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Masayuki Mac Takahashi, a Society alum of the 1959 National Science Fair competition (now the Intel International Science and Engineering Fair), returns to judge projects at Intel ISEF. He judged at this year's competition in Los Angeles.
Dr. Masayuki is one of seven directors of the Japan Science Society. In the 1959 competition, held in Hartford, Connecticut, he won the 3rd place award with his study of "Dune plant ecology on the Enshunada coast."
Read on to learn how Masayuki is working to bring mentorship to Japan, especially in STEM education and research.
WHY HE RETURNS TO JUDGE AT INTEL ISEF: I have had the experiences of being an Intel ISEF judge in Botany and Plant Sciences three times in the past, as a Special Awards Judge in 2004 and Grand Awards Judge in 2005 and 2013. From my experiences as an Intel ISEF judge, I have recognized the current state of high school education outside of Japan, particularly supervising the STEM research of high school students.
The common understanding of 'mentor' in Japanese society is extremely poor.
In Japan, research by high school students is supervised by high school teachers with no experiences of science research. This is because the basic objective of education up to high school is focused on teaching the necessary content and techniques for each grade; not on developing the abilities of each student. This has been stated in our laws. I have learned from the experiences as an Intel ISEF judge that most research carried out by high school students [in other countries] is supervised by professional scientists or engineers as a mentor.
WHY SCIENCE FAIRS LIKE INTEL ISEF ARE IMPORTANT: I feel that it will be a wonderful experience for high school students to recognize the level of their new findings with other students in the world. I am sure that such an experience could stimulate students greatly, without question.
HOW HIGH SCHOOL SCIENCE RESEARCH DIFFERS IN JAPAN: I have noticed at least four serious problems in high school student research supervised by teachers who are not professional scientists. 1. There is no or extremely poor reviewing of the research subjects and there is little objectivity; 2. Students create significant results with poor data and analysis; 3. Students use poor and insufficient data collections, as well as not repeating experiments and even fabricating data; 4. Students often use data and results from other researches, sometimes without citation; and so on. All of this is common knowledge of what shouldn't be done in professional research.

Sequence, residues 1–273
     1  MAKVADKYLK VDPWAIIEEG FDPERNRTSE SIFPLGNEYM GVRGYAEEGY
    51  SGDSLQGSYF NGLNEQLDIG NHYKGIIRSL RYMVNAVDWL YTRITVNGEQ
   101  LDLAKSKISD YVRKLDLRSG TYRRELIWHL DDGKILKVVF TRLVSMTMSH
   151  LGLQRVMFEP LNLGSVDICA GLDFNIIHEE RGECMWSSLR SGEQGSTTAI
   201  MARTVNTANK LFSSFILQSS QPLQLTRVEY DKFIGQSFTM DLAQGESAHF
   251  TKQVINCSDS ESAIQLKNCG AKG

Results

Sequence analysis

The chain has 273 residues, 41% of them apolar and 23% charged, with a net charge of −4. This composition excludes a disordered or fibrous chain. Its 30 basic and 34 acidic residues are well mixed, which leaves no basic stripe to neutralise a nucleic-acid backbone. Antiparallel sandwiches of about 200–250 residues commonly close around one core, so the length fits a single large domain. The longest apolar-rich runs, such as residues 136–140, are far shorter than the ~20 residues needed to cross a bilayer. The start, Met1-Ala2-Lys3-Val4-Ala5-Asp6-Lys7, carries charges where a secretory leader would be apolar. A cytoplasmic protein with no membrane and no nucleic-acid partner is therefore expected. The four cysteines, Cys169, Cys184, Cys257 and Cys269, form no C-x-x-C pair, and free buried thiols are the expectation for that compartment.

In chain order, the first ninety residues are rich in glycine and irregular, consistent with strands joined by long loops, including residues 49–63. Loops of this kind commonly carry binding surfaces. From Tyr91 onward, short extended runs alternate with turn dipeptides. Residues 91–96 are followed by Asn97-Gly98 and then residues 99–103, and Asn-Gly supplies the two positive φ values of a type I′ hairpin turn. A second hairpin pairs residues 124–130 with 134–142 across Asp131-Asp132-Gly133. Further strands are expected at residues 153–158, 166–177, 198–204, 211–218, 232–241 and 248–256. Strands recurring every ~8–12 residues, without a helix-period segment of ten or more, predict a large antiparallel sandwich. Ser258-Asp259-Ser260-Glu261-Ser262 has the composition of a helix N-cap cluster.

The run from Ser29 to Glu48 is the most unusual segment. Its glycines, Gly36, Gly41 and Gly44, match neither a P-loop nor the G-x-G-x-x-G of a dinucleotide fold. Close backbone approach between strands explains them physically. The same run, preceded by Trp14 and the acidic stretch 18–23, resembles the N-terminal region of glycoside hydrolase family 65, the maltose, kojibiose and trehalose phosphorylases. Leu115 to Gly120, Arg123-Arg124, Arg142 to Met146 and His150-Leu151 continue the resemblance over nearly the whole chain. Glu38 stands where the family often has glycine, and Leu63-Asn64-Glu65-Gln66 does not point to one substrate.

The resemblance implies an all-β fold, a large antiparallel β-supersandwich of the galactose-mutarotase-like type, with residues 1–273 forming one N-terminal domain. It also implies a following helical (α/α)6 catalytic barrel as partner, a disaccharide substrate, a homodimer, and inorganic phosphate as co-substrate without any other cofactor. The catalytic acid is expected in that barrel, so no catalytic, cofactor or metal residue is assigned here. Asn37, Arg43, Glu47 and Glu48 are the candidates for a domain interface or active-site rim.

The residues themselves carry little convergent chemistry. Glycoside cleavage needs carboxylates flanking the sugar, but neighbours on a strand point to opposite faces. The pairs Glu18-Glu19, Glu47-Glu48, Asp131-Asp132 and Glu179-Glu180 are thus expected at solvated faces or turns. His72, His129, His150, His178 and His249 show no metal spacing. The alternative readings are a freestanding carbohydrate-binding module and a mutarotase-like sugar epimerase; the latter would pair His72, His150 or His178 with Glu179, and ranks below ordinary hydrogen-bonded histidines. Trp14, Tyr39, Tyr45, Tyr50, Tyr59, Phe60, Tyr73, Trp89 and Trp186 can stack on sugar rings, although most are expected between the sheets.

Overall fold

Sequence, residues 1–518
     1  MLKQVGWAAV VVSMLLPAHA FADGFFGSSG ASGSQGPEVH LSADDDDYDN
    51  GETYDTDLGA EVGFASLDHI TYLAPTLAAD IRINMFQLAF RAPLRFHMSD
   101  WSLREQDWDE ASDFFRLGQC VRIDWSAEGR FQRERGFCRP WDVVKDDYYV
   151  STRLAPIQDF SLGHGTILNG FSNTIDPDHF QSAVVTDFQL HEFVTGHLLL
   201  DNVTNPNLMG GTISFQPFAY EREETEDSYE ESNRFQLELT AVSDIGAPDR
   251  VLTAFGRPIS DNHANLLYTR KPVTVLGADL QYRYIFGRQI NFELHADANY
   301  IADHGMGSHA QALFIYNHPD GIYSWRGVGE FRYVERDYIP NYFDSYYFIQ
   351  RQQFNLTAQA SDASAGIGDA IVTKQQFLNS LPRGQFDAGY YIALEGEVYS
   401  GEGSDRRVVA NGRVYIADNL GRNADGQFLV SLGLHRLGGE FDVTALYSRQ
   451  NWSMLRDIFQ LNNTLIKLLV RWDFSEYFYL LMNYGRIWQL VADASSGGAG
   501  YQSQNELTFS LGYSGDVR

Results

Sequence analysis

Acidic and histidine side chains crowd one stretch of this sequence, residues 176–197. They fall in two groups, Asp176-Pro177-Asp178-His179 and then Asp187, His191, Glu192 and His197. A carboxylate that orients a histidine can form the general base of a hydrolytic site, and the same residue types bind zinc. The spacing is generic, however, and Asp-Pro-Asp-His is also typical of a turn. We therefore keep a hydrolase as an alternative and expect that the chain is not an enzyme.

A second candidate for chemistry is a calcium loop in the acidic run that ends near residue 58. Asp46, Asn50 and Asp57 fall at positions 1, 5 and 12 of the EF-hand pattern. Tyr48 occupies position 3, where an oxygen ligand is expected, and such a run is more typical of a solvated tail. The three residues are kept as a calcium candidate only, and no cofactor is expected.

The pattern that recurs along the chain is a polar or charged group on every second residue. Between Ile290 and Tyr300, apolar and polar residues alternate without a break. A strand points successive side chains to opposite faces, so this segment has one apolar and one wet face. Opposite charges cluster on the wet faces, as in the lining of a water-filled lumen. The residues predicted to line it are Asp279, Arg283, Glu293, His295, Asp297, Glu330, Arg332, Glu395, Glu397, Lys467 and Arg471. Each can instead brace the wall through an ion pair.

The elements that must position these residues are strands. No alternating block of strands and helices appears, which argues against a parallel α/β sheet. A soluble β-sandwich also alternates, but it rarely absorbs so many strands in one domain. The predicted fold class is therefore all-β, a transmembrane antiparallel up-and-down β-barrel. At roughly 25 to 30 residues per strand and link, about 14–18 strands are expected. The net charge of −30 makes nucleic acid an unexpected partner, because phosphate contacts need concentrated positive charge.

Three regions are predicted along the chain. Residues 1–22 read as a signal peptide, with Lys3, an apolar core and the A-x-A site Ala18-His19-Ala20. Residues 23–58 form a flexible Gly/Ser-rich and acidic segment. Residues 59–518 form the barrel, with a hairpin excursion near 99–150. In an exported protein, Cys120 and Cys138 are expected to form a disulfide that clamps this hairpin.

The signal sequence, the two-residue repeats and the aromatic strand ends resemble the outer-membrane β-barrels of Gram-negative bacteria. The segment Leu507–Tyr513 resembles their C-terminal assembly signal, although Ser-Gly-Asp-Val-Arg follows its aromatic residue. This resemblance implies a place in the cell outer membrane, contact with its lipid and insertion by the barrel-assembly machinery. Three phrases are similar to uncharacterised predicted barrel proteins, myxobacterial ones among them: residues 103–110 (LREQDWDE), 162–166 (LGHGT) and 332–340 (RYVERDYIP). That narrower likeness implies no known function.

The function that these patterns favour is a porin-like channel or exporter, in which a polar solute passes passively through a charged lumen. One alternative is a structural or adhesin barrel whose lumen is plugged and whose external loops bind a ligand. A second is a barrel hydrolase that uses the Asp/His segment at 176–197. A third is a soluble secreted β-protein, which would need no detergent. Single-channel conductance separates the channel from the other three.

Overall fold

The popularization of mentorship for supervising science research of high school students is essential and urgent in Japanese society.
WHY MENTORS IN SCIENCE RESEARCH ARE IMPORTANT: I strongly believe that the popularization of mentorship for supervising science research of high school students is essential and urgent in Japanese society. The common understanding of “mentor” in Japanese society is extremely poor, not only in science but also in almost all other areas. High school students completing science research have had serious problems because of a lack of or extremely poor mentorships in Japan.
High school students who have interests in STEM should have suitable mentor(s) for supervising them and teaching them how to do science research. This is quite important for carrying out real research in science.
I started the 'Science Mentor Program,' supervising high school students in how to carry out science research.
We registered the trademark “Science Mentor” in 2014 [to help us with this]. With the nonprofit Japan Science Society, I started the “Science Mentor Program” in 2013, supervising high school students in how to carry out science research. The program has been greatly welcomed by all mentors, university professors, research scientists, as well as many teachers at high schools.
HIS MOST MEMORABLE MOMENT AT THE 1959 NATIONAL SCIENCE FAIR: I recognized the high level of science research at the fair, and was greatly encouraged to become a professional ecological research specialist in the future.
HOW HE BECAME INTERESTED IN STEM: My elementary school teacher discovered my interests in science and pointed it out to my mother when I was in grade 3. Then I started scientific observations on wild plants, and grew my interests in the ecological studies of plants.
Without my experiences [at the National Science Fair], I am sure I would have had to take a different path than research science.
My father was not pleased for me to take botany at the university because there was no guarantee of finding a job after graduation. But he finally agreed with my wishes as well as recognized my experiences at the National Science Fair. Without my experiences there, I am sure I would have had to take a different path than research science.
After obtaining a Ph.D. in plant ecology, I became a postdoctoral fellow supported by the Canadian Government. I spent 6.5 years at the University of British Columbia. Then I went back to Japan and was an associate professor at Tsukuba University for eight years, followed by 19 years at the University of Tokyo as a professor.
Through the Society’s three leading STEM competitions, we’ve come across many ideas worth sharing.
One of the beautiful things about science is its universality.
Alexander the Great had Aristotle, Quincy Jones had Ray Charles, Luke Skywalker had Obi-Wan Kenobi—the mentor-mentee relationship is something that runs deep in human culture.